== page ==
Two life-size brass statues flank the sanctuary (bema) at the chapel of St. Mary’s Seminary. Commissioned in 1954, these statues represent the Blessed Virgin Mary and St. John the Evangelist. Their images remind us that the altar represents the hill of Golgotha in Jerusalem, so that every Eucharistic meal is not only a representation of the Crucifixion, but that every Holy Communion allows participants to be present, in both a metaphorical and real sense, during Christ’s sacrifice.
At first glance, these statues’ formal beauty may distract us from the splendor of the message they proclaim. Why are these saints given such a place of prestige, while the other gospel figures are not? The answer to this comes from the gospels, which describe the Crucifixion of Jesus:
“…standing by the cross of Jesus were his mother… When Jesus saw his mother, and the disciple whom he loved [John the apostle] standing near, he said to his mother, “Woman, behold, your son!” Then he said to the disciple, “Behold, your mother!” And from that hour the disciple took her to his own home” (John 19:25-27, RSV).
This passage provides the last commandment that Jesus gave before he died. Imagine Jesus, covered in blood and gasping for air, using this particular moment to teach us more about his mission!
Mary was present throughout Christ’s life from his birth and ministry to his death. The young maiden who cradled the Christ Child in her arms was also the widow who caressed the dead body of the God-Man—the scene known today as the Pieta. In a world that persecuted, mocked, and ultimately tortured Jesus to death, it was Mary alone who cared for him and gave him true love (αγάπη) all his life. In other words, Jesus’ experience here on earth was brutal and cruel; the only consistent acceptance and comfort offered to him came from Mary. Jesus’ words to John “Behold, your mother!” is a command that he has given to every believer. By centering our gaze on Mary, we are focusing on the very Body of Christ—the Church, the Mater Ecclesiae.
It was only natural that at the end that Jesus made sure that Mary would be cared for after he died, so he arranged her adoption by the beloved disciple, John. According to tradition, John was the youngest of the apostles and was cared for by Christ as if he was his younger brother; hence why during the Last Supper, John rest’s his head on Jesus’ shoulder at the very moment when Judas was announced as a betrayer (John 13:23).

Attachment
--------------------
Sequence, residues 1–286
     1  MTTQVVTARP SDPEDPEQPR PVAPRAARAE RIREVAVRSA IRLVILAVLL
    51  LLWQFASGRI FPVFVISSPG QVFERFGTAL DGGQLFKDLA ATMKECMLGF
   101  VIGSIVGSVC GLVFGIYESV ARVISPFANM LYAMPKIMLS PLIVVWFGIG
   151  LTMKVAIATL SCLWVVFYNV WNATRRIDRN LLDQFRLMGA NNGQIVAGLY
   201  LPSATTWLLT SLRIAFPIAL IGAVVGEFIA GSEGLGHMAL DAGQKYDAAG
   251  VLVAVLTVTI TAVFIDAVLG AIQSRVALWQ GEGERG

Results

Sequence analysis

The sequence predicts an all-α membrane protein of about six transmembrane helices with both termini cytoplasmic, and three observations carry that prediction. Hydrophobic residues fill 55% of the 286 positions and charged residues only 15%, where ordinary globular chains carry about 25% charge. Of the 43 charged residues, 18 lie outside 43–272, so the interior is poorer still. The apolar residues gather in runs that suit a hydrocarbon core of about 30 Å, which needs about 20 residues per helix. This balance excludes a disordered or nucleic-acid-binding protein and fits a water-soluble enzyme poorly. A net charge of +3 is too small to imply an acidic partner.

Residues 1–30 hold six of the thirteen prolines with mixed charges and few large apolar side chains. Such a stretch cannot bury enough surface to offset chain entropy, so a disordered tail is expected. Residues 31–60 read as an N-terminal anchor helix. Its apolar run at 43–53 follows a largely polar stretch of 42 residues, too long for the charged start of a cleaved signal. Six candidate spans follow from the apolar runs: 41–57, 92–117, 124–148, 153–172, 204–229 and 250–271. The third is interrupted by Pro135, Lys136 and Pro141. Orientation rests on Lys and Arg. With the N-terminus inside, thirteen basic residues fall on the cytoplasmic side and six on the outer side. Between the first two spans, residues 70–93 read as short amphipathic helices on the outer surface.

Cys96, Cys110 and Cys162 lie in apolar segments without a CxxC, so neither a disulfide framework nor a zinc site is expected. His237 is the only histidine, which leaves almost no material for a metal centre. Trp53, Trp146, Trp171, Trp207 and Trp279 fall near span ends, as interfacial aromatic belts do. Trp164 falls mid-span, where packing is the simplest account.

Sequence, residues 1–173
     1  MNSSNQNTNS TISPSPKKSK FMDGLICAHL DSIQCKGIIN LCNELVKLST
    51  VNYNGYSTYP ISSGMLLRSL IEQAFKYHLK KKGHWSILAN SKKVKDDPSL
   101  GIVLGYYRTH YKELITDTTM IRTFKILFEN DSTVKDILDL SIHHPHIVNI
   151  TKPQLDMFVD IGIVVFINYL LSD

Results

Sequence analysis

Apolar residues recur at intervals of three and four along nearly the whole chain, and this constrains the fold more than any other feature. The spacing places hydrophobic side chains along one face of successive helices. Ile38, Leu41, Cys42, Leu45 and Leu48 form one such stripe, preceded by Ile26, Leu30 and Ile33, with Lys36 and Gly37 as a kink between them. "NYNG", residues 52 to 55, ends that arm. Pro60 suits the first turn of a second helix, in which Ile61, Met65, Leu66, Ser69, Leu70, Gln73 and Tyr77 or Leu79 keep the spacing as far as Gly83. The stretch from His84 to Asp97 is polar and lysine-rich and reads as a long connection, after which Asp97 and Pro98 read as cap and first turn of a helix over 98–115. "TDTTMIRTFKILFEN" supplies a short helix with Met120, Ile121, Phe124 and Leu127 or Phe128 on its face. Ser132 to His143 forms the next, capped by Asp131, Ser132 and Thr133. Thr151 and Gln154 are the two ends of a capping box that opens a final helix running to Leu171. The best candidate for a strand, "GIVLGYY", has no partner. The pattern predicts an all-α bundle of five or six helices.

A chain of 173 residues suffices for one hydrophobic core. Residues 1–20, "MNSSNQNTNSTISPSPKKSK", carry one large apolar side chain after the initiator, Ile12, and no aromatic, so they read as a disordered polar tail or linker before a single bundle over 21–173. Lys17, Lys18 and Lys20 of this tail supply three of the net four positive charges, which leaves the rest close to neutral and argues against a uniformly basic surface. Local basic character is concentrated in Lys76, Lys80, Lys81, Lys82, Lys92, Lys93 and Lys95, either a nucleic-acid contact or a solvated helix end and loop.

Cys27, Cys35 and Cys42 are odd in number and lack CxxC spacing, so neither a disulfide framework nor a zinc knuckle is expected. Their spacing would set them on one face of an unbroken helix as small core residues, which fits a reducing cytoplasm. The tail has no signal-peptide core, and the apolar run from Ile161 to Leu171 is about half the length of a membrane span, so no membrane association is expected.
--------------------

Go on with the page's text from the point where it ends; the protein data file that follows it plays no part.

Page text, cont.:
Like Mary, John was at the foot of the cross until Christ’s death, when all the other apostles hid from shame and fear—his loyalty has always inspired Christian devotion. It is not merely a coincidence that the Pope’s Cathedral in Rome is dedicated to St. John and was the first church to be built after Christianity was legalized by the Emperor Constantine in the year 313.
At St. Mary’s Seminary as we join with the priest in offering the bread and the wine, the crucifixion and bloodshed of Christ on the cross are made present to us. The sculptures of Mary and John remind us that we are present with them, joining in the Holy Communion of saints which transcends space and time. Every Catholic altar is Golgotha, just like every host and drop of precious blood is the Body and Blood of the Risen Christ. These works of art assist us in obeying Christ’s commandment: “Do this in remembrance of me”. We must always remember the atonement for our sins and that our salvation came at a steep cost. As we contemplate the Eucharist that we are digesting, we must sympathize with Mary’s and John’s sorrow as they witnessed Our Lord dying for us.
Written by Charles A. Stewart, Ph. D. (Chair, Art History at University of St. Thomas)
For further reading on this topic:
- Pope Benedict XVI. Jesus of Nazareth. Volume 2: Holy Week. From the Entrance Into Jerusalem To The Resurrection (San Francisco: Ignatius), Pages: 219-222.
- Scott Hahn. Hail, Holy Queen: The Mother of God in the Word of God (New York: Double Day, 2006), pages 37-46.
- Timothy Verdon. Mary in Western Art (Rome: Filippo Rossi, 2005)